China is preparing to host the 3rd Trans-Himalaya Forum for International Cooperation in Nyingchi, Tibet, and Pakistan's acting foreign minister, Jalil Abbas Jilani, is slated to join the event. Nyingchi's proximity to the Indian state of Arunachal Pradesh adds a significant dimension to this gathering, according to report.
Report stated that Foreign Minister Jalil Abbas Jilani's participation in the 3rd Trans-Himalaya Forum is by special invitation from China's Foreign Minister, Wang Yi, and the event is scheduled to take place in Nyingchi, Tibet from October 4 to October 5, 2023.
The Trans-Himalaya Forum was initiated in 2018 to deepen practical cooperation among regional countries on diverse subjects including geographical connectivity, environmental protection, ecological preservation, and enhancing cultural linkages. The last in-person meeting of the Forum was held in 2019. The theme of this year’s Forum is “Ecological Civilization and Environmental Protection.”
During his stay in Tibet, Foreign Minister Jilani will address the Opening Ceremony of the Trans-Himalaya Forum. He will also meet with several regional dignitaries including the Deputy Prime Minister of Mongolia, Foreign Minister of China and Interim Foreign Minister of Afghanistan, as per the Pakistan foreign ministry’s statement.
Nepal's Prime Minister Prachanda recently paid a visit to Lhasa, Tibet, marking a diplomatic move following the joint statement between Nepal and China. In the statement, Nepal reaffirmed that it considers Tibet affairs to be China's internal matter and committed to preventing any separatist activities on its soil, emphasizing the close relationship between the two neighboring nations.
Tibetans in Nepal for last two decades had been suppressed from many fundamental human rights by Nepali Government since the change in ruling party after the massacre of Nepali king and his family.
Nyingchi, Tibet, holds significant importance for India due to its strategic location in the eastern Himalayas. Located adjacent to the Indian state of Arunachal Pradesh, Nyingchi shares a border with India, making it a crucial area for border security and geopolitical considerations. The region's proximity to the "McMahon Line," which defines the border between India and Tibet, has led to historical border disputes, and ongoing attention to this area is vital for India's national security interests.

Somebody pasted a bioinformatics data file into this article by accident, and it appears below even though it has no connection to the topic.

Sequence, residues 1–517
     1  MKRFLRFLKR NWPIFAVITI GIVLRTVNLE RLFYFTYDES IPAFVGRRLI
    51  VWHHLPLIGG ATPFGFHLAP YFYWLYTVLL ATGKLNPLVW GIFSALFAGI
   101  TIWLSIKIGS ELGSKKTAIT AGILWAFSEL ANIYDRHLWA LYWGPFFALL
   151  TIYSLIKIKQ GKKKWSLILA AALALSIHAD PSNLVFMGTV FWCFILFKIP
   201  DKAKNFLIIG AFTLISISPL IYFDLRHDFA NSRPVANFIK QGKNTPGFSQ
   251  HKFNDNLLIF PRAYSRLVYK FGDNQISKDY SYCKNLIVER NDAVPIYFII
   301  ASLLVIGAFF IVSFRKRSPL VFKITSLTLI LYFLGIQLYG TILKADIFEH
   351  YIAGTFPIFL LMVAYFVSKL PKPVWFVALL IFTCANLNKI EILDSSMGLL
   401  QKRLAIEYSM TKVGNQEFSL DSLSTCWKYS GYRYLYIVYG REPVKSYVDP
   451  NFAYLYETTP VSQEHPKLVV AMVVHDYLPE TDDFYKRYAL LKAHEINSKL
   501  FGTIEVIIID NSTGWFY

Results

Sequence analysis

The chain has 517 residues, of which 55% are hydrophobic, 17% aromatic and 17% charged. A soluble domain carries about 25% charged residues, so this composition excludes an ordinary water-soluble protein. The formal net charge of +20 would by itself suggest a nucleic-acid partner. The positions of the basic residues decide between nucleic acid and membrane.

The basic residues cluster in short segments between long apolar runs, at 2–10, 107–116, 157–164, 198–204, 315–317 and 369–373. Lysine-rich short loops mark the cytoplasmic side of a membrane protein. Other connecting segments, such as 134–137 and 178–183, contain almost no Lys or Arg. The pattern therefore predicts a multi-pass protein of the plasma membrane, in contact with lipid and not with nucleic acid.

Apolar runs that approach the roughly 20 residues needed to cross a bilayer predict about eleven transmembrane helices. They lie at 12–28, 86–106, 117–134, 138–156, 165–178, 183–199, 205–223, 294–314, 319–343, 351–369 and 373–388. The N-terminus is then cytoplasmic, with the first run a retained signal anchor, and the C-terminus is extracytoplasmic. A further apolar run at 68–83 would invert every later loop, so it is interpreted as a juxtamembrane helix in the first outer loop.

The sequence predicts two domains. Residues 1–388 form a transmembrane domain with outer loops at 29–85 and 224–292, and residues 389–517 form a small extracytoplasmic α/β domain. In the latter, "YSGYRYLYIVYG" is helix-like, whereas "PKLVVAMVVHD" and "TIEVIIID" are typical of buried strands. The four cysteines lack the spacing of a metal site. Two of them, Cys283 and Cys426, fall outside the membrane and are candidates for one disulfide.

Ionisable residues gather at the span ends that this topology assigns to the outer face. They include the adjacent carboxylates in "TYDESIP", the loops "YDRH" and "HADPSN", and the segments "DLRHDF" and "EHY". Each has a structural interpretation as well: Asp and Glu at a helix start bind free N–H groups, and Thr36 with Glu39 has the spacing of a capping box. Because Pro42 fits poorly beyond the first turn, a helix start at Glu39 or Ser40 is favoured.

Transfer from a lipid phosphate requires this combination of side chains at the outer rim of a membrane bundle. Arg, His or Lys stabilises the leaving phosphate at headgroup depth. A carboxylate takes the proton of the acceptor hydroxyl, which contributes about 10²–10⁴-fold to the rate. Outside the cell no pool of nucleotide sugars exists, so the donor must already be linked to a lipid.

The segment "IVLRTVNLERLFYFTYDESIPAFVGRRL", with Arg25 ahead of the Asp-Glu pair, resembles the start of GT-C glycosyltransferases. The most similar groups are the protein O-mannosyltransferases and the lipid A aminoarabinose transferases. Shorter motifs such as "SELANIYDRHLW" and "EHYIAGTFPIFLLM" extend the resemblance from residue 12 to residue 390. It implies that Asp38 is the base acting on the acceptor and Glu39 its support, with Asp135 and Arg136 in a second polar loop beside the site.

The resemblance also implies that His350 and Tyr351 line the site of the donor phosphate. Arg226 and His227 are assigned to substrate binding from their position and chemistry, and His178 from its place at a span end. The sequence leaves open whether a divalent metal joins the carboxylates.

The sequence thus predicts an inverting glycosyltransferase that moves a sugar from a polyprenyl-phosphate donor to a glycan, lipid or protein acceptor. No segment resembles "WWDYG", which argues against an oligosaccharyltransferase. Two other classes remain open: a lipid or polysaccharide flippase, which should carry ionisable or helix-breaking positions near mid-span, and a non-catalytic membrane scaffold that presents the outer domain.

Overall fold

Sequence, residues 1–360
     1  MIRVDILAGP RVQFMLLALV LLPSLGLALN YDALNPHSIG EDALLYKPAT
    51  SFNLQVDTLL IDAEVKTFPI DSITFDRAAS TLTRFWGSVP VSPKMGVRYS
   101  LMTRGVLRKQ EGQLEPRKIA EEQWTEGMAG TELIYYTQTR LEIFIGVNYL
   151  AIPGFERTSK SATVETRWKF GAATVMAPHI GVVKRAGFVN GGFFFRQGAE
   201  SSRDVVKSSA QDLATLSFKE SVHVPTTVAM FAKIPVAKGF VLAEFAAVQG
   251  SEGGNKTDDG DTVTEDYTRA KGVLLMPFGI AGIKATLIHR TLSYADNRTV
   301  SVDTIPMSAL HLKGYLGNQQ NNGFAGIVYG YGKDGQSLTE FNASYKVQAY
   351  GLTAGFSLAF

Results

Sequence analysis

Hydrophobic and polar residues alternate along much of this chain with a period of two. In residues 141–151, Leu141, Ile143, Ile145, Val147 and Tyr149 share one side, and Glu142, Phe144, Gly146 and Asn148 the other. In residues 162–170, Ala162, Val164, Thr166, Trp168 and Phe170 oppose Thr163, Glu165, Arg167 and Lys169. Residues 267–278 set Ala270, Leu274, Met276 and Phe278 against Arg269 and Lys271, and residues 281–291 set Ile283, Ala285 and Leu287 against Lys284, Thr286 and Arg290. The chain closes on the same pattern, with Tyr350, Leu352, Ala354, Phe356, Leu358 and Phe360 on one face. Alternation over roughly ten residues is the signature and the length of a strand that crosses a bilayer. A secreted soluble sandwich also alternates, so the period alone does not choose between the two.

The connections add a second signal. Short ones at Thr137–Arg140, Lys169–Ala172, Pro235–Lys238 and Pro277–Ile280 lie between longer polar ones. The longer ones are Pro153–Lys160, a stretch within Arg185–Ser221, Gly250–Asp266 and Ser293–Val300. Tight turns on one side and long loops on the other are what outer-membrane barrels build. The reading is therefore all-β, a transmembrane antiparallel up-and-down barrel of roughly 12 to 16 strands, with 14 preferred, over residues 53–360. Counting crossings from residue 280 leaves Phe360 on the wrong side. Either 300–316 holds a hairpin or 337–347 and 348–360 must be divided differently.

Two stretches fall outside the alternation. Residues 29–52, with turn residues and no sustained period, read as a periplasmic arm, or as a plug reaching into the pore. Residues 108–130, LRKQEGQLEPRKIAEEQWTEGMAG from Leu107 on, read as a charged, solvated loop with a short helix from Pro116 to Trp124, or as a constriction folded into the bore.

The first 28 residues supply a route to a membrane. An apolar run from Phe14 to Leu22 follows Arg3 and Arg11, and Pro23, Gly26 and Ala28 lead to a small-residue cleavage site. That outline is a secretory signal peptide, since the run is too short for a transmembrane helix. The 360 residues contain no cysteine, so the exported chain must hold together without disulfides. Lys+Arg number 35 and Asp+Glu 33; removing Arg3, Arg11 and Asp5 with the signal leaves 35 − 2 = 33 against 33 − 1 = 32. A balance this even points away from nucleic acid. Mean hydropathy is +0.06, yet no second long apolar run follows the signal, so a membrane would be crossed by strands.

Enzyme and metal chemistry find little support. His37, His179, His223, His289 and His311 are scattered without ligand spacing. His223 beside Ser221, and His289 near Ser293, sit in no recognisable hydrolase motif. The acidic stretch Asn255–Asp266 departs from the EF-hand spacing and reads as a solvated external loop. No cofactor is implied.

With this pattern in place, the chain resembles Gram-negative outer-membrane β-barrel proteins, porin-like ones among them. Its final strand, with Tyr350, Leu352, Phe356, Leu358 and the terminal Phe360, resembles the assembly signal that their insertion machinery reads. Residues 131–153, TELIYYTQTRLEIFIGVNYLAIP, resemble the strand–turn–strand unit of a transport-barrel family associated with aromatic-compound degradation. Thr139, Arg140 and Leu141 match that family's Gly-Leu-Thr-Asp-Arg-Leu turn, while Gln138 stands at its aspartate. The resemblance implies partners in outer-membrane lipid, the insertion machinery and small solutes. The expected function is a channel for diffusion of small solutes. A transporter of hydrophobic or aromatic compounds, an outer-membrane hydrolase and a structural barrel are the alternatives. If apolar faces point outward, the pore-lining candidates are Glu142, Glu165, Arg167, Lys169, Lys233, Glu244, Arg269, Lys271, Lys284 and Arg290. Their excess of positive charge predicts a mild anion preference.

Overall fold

Furthermore, Nyingchi's diverse and fragile ecosystem, including the Yarlung Tsangpo Grand Canyon, the world's deepest gorge, also holds ecological importance for both India and the wider Himalayan region, emphasizing the need for cooperation in environmental conservation efforts.
China claims Arunachal Pradesh - which it calls South Tibet - as its territory. In August, in a move that drew international criticism, the Chinese issued a new "standard" map that included Arunachal Pradesh and the Aksai Chin region in eastern Ladakh.
In 2021, China renamed 15 places in Arunachal Pradesh to reaffirm its claim on the state. India has rejected all claims made by China. The distance between Nyingchi and Arunachal Pradesh is 160 kms.
As geopolitical tensions continue to escalate along the border of Tibet, a region that has been a focal point of historical disputes, there are growing concerns about the negative implications for the Tibet. The ongoing border tensions between China and India have prompted an increased military presence and heightened security measures in Tibet. This militarization has implications for the safety and livelihoods of Tibetan residents, raising fears of potential disruptions to their daily lives.
The deployment of troops and infrastructure development along the border can have adverse effects on Tibet's fragile and pristine environment. Increased human activity, construction, and resource exploitation can threaten the region's unique ecosystems and biodiversity.
Tibet has been a focal point for discussions on human rights violations, particularly regarding the Tibetan population and their cultural and religious practices. Heightened security measures could exacerbate these concerns, potentially leading to further restrictions on freedom of movement and expression for Tibetans.
Edited and collated by Team TRC